## Ehrenfest theorem

Hi,

In the Wikipedia derivation of this theorem, there is a step which I do not follow. This uses the Heisenberg picture to get Ehrenfest's theorem. A is an operator at t=0 and A(t) is the evolved operator.

$$\frac{d}{dt}A(t) = \frac{i}{\hbar}e^{iHt/\hbar}(HA-AH)e^{-iHt/\hbar} +e^{iHt/\hbar}(\frac{\partial A}{\partial t})e^{-iHt/\hbar} = \frac{i}{\hbar}(HA-AH)+\frac{\partial A}{\partial t}$$

The last step is said to be true because $e^{iHt/\hbar}$ commutes with H. But I don't see how that leads to the equality. Can someone explain?

Secondly, when the Ehrenfest theorem is applied, we get classical laws. For instance, Newton's second law with the original classical variables replaced by expectation values of the quantum operator i.e. $x$ becomes $<x>$ and so on. But in general, is it true that any classical law can be written in terms of QM through Ehrenfest's theorem (provided we can define the relevant operators)? Is Ehrenfest's theorem the thing that actually connects QM with classical mechanics?

Thank you!
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 Recognitions: Homework Help In the last equality the first two "A"s should be written as "A(t)"s... Because they are e^{iHt}Ae^{-iHt}, since you can pass the e^{iHt} past H.
 olgranpappy, thank you. That is something I overlooked. Regarding the second part of my question, does anyone have any answers? Thank you

## Ehrenfest theorem

 Quote by McLaren Rulez Secondly, when the Ehrenfest theorem is applied, we get classical laws. For instance, Newton's second law with the original classical variables replaced by expectation values of the quantum operator i.e. $x$ becomes  and so on. But in general, is it true that any classical law can be written in terms of QM through Ehrenfest's theorem (provided we can define the relevant operators)? Is Ehrenfest's theorem the thing that actually connects QM with classical mechanics?
I would say yes. Classically, observables are functions on the phase space. The time evolution of these functions can be described by the poisson bracket of the function and the Hamiltonian of the system. This corresponds to the Ehrenfest theorem.

In the Heisenberg picture, this relation is even more explicit. The Heisenberg equation applies not only to expectation values, but to the now time-dependent observables themself.
 Thank you kith. I didn't realize how important the Ehrenfest theorem was until now. I wonder why it is hardly emphasized in textbooks like Griffiths which only brings it up in some exercises here and there when it is so fundamental in connecting QM to CM.
 Blog Entries: 9 Recognitions: Homework Help Science Advisor For completeness, the Ehrenfest theorem in its general form was only proven in 2010 http://arxiv.org/abs/1003.3372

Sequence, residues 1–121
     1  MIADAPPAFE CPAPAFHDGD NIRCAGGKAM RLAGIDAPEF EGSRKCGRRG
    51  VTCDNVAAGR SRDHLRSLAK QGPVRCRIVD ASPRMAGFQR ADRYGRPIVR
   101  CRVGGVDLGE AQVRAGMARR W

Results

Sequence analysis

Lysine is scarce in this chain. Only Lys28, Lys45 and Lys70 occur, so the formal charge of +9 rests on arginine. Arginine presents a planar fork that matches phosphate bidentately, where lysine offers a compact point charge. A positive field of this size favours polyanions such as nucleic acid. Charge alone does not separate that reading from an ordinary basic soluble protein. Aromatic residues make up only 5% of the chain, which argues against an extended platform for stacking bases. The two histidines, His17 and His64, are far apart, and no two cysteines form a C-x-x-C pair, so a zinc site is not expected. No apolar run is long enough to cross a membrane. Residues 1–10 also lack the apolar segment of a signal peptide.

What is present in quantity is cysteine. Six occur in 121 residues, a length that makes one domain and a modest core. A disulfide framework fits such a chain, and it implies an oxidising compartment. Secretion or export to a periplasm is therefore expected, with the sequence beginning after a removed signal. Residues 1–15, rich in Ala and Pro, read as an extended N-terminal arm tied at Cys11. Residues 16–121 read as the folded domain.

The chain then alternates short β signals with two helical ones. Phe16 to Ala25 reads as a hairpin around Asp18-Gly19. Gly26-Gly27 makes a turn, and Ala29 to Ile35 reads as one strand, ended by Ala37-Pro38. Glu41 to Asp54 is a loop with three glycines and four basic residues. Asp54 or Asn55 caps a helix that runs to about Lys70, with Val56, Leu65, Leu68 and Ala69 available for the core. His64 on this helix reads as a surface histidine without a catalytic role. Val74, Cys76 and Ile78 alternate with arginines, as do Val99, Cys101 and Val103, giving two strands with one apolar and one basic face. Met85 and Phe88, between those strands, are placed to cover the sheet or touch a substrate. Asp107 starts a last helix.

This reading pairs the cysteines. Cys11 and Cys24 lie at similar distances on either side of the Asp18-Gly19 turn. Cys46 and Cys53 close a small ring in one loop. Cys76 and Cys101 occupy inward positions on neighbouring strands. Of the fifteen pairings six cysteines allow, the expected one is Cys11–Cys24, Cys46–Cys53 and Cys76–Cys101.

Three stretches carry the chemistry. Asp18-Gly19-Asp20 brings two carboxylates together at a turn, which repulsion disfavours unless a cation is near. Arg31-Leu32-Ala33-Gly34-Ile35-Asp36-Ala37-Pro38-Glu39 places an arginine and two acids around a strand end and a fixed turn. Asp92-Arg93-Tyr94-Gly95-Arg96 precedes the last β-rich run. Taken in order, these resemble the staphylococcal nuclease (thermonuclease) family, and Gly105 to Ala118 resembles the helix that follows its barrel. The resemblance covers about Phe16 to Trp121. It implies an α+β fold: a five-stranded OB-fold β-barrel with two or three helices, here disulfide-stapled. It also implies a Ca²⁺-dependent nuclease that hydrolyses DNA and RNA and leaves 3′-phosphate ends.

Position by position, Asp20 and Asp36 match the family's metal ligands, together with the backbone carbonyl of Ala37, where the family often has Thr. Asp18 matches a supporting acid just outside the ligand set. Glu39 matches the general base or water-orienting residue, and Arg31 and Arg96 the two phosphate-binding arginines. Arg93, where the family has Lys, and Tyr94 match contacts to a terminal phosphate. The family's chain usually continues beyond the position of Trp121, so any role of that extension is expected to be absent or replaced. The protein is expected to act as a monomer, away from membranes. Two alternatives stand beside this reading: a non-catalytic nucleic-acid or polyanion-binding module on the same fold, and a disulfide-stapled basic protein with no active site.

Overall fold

Thank you dextercioby, but that paper appears to be slightly too technical for me. I would like to clarify another two questions if I may. 1) Would it be correct if I said that a quantum state $\psi$ is an analog of a classical state of a particle if and only if, for every operator $O$, the expectation value $<\psi|O|\psi>$ is the same as the classical measurment that corresponds to that observable $O$ on that particle? For example, if I choose the position operator, x, then $\psi$ is an analog of a classical state of a particle only if $<\psi|x|\psi>$ is the same as the measurement of the position of that classical state. Is this true? 2) I think (do correct me if I am wrong) that Ehrenfest's theorem is often useful in proving the above statement by considering an arbitrary wavefunction to compute the expectation value and thus deriving a classical law from QM. For instance, we consider an arbitrary wavefunction in the relation $\frac{d}{dt}<\psi|x|\psi>$ and after applying Ehrenfest's theorem, we find that this is equal to $\frac{1}{m}<\psi|p|\psi>$. Since this is true for any wavefunction, we must have the classical equation $\frac{d}{dt}x=p/m$. Is the above analysis correct? As always, thank you so much for reading through and helping me out!
 Blog Entries: 9 Recognitions: Homework Help Science Advisor You pretty much got the right idea. Indeed, on a superficial level quantum mechanics is not too different from its classical counterpart. The Heisenberg equation of motion strongly resembles the Hamilton equations. Of course, the meaning and the conclusions one reaches are fundamentally different, because one theory is a generalization of the other.
 the problem with Ehrenfest theorem is that it is limited, it cannot explain the classical bohr atom (as this has been discussed in another thread). and cannot generalize QFT to classical. although I do think it has very badly been over looked as for the connection between CM and QM. And that is basically because of the accepted wave-PARTICLE(!) daulity.